Would you like a little more Roleplay at your D&D table?

Art credit to Filipe. S from Heromachine.com

A combination of factors has broadened the demographic of the average RPG gamer, as well as shifting the play expectations of some existing veterans players.

The rise of us Nerds in general, and cultural phenomena such as Stranger Things in particular, have brought new players to the table. Meanwhile, live Twitch streams and the emergence of ‘professional’ players, such as the folks over at Critical Role, has widened awareness of what it can mean to take roleplay to a higher level.

Still, despite their name; Tabletop Roleplaying Games like Dungeons & Dragons, or Pathfinder, can often result in games containing very little in the way of actual Roleplay. Sure, the game is being played, and fun is being had, but the character roleplay element is very muted.

This isn’t to say that rolling dice and crunching your way through the game is wrong. Not for one second. I love me a Natural 20 or Level-Up as much as the next gamer!

My point is that the game handbooks are very explicit on how and where to roll the dice to progress the action. They, however, give nearly no advice on how to include more roleplay, and that’s a shame if exploration of character is something that would enhance your experience.

Hey, but wait a minute…

This is a topic that can elicit strong opinions from long-time gamers. Sometimes, the grey-hairs amongst us are pretty set and happy in our play styles; we are either role-first, or roll-first in how we approach the game.

The definitions below are not exhaustive, but give you a hyperbolic view on the difference between these play styles;

Role-first = whilst you can’t avoid the game mechanics, you can and do ground your character actions in the motivations dictated by their backstories, playing them as close to a rounded, complex personality as you can. This often leads to sub-optimal choices in character generation or combat actions.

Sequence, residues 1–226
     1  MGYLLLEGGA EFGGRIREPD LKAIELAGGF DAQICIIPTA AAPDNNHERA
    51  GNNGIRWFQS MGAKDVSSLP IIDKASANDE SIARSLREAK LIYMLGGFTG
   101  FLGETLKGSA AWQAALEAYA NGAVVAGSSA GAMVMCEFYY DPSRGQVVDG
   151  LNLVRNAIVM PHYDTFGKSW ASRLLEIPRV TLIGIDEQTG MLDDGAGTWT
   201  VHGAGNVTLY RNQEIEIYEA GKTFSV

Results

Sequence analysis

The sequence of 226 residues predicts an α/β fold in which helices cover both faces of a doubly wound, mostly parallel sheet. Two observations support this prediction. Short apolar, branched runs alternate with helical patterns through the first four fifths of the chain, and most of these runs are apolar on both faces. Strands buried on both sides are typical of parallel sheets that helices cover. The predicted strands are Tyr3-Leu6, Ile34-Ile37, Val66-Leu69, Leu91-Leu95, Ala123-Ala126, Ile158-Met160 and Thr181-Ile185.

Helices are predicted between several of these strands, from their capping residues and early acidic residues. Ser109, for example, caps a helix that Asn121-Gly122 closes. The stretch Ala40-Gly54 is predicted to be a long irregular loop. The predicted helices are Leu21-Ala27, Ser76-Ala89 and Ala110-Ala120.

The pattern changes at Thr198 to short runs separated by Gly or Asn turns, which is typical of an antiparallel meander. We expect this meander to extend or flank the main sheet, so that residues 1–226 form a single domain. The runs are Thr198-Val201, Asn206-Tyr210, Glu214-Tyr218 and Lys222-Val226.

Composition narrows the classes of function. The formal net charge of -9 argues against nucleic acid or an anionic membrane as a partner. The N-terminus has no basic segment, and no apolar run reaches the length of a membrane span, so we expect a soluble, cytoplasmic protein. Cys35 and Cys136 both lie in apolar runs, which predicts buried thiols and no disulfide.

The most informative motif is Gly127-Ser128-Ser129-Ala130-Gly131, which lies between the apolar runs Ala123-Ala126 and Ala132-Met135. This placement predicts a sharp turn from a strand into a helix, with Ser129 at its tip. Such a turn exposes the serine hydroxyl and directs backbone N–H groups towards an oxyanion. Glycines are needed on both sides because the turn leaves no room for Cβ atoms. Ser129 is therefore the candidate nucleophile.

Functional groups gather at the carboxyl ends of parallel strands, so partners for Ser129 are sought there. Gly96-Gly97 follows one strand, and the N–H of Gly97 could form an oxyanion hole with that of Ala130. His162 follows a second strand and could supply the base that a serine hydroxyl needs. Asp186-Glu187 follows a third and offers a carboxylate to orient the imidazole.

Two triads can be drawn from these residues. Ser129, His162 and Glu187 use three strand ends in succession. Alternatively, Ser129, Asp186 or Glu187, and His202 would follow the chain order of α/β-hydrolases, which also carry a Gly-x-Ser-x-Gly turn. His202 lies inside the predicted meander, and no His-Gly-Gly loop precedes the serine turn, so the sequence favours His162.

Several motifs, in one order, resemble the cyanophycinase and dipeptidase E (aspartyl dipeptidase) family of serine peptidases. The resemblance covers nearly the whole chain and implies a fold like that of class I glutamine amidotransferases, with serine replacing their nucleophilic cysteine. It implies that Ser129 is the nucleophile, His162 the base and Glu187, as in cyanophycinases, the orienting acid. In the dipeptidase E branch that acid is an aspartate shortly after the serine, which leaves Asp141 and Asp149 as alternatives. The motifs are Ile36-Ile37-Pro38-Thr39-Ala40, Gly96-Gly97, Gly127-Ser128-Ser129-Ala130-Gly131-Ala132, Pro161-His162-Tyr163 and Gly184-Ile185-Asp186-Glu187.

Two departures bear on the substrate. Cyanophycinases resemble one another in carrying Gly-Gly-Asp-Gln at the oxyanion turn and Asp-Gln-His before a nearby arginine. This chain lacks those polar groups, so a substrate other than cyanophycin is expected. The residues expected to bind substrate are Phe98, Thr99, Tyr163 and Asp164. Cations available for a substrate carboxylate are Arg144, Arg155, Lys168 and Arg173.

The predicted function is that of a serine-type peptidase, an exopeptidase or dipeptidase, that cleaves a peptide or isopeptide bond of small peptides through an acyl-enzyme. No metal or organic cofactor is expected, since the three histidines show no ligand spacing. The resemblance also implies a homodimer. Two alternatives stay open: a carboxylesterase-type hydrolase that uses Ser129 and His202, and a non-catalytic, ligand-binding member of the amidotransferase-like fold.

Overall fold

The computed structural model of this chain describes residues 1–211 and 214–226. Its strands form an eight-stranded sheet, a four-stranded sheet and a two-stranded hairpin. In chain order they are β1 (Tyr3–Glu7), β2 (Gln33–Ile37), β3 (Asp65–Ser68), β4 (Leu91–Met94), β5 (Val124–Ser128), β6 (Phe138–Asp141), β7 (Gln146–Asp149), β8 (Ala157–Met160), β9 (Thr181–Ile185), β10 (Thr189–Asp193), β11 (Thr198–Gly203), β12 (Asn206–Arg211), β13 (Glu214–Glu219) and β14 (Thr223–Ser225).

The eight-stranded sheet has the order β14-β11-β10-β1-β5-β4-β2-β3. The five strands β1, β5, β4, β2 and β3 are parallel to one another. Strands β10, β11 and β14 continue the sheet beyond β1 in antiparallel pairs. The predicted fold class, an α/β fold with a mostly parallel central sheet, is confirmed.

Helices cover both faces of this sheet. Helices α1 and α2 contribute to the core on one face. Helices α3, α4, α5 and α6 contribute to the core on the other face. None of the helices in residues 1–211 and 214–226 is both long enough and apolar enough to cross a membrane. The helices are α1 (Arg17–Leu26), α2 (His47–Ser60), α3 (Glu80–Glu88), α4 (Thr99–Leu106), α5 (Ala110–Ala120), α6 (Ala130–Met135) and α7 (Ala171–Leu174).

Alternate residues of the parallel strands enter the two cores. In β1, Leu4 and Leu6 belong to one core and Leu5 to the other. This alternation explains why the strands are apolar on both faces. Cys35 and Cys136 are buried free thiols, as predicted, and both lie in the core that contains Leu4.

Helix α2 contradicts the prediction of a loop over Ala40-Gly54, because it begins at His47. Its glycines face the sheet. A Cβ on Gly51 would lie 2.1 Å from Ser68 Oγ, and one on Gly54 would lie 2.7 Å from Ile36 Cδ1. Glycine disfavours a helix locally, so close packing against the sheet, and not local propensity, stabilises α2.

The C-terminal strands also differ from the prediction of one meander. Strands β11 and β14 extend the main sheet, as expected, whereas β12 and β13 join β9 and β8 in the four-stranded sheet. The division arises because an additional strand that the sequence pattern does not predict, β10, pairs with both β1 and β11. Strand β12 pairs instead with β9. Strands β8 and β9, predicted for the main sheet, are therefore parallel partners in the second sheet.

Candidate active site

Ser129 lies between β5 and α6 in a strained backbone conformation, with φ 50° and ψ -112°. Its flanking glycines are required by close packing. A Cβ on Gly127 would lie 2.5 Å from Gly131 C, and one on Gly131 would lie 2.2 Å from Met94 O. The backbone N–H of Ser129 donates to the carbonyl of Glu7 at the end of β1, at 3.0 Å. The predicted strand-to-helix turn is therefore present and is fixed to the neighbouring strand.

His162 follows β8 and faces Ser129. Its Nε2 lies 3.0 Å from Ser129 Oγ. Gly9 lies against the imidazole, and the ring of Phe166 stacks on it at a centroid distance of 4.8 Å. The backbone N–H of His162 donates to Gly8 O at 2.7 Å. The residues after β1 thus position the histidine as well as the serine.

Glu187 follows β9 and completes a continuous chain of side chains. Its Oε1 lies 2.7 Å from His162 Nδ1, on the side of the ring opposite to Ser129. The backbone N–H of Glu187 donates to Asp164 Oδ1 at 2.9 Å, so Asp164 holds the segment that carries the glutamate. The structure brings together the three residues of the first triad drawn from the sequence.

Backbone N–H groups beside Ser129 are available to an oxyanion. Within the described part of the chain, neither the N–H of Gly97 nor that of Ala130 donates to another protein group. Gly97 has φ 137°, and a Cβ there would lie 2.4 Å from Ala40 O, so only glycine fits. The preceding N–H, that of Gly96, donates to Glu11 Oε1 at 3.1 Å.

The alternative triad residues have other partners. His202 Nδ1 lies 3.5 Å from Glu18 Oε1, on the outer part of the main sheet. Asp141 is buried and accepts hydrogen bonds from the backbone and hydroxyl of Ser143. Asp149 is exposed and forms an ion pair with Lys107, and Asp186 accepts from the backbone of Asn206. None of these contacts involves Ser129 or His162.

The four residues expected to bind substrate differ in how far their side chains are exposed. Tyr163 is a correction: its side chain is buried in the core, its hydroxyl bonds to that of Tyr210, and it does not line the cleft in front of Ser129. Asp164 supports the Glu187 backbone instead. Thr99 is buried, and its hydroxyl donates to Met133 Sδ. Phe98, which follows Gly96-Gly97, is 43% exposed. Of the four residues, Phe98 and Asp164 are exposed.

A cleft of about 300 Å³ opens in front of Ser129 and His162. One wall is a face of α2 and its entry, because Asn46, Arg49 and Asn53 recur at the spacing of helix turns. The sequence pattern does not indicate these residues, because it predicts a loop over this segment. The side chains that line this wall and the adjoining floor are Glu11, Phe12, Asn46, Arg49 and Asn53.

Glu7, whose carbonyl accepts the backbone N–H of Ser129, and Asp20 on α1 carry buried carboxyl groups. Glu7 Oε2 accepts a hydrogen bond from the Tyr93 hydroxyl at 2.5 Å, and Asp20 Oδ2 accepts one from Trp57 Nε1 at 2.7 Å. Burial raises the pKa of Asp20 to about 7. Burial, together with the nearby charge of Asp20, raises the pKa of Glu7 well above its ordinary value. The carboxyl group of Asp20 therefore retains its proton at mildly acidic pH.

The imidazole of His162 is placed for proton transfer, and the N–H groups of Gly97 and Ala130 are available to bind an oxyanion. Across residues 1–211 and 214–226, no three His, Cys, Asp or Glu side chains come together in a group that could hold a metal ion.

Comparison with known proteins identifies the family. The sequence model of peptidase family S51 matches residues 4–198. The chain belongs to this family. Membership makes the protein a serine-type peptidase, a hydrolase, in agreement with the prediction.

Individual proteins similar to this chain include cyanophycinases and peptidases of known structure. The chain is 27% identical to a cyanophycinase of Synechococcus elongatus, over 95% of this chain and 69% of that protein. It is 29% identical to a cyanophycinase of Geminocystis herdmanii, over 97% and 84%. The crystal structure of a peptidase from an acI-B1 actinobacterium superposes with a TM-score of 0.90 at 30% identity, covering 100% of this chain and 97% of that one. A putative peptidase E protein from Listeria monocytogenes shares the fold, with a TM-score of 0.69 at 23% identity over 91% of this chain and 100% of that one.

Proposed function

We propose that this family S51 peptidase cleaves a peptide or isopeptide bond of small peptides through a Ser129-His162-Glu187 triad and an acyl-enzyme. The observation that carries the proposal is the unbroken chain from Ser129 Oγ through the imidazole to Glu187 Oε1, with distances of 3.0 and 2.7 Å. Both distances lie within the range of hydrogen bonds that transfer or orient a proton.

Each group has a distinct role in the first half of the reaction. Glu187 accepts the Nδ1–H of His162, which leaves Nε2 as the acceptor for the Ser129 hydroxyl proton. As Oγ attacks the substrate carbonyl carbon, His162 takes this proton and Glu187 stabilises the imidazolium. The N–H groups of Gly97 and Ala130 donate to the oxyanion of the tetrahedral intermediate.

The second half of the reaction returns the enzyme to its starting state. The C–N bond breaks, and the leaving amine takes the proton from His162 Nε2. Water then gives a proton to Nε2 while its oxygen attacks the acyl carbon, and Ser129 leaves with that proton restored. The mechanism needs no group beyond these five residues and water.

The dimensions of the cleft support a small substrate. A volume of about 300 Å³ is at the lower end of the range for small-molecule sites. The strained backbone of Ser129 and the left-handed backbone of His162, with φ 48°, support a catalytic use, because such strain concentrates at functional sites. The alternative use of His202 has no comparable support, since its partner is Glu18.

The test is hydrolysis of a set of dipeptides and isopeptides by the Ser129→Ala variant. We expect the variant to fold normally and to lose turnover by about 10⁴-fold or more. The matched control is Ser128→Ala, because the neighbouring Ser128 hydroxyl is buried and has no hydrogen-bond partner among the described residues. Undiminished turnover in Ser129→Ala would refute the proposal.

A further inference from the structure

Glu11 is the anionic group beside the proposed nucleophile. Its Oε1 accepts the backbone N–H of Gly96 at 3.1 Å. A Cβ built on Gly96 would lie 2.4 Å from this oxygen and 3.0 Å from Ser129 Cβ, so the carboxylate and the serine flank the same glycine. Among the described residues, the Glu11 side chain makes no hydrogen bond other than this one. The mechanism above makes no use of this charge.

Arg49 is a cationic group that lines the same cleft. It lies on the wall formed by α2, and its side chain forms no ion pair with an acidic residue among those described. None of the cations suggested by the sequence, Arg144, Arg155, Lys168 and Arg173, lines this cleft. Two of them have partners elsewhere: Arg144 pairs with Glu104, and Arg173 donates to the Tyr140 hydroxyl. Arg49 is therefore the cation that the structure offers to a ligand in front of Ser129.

Roll-first = generally focusing on how the mechanics work and trying to optimise your characters attributes and resources, paying zero regard to character motivations or backstory. Your archetypal min/maxer.

In reality, no one is entirely in one camp or the other, and there’s infinite shades of grey in between the two hypothetical extremes, but it’s helpful to know the theoretical sides of the argument.

The good news is that you don’t need to be an extreme role-first player to want to roleplay more!

If you would you like to try more roleplay yourself, or if you would like to encourage more of it from others at your gaming table, then it’s worth thinking about the reasons why you/they may have found it difficult so far.

Let me suggest some;

  1. RPG systems such as D&D do not reward roleplay mechanically. It’s simply not required to play the game, so therefore not everybody does it.
  2. It is not always easy to carve out a ‘safe space’ in which to act out your character, and it’s even harder to act out interactions with the characters of others. This is something newer players tend to struggle with more than those with lots of experience.
  3. Each player has a different concept of what roleplay ‘is,’ and what their comfort level is with different aspects of it, thus making it harder to make a ‘safe space that works for everyone, and not just for the loudest person at the table.’
  4. There are no ‘rules’ to roleplaying, making players nervous of overstepping invisible boundaries.
  5. The advice that does exist tends to focus almost entirely on character backstory, and pays no mind on how to get that backstory out into the game in a meaningfully roleplayed way.

More more more?

My experience is that every gamer I have played D&D with has been interested in weaving more roleplay into their game.

The right amount ‘more’ will mean different things from group to group and player to player. For one player this could mean something as small as getting comfortable with narrating how their character attacks, and not just announcing what their modified attack roll comes to. For another it could mean rather more… Both, and indeed neither, are equally valid modes of playing the game.

Do you agree / disagree with this?

Would you like to roleplay more, but are not sure on how / what to do to make it happen?

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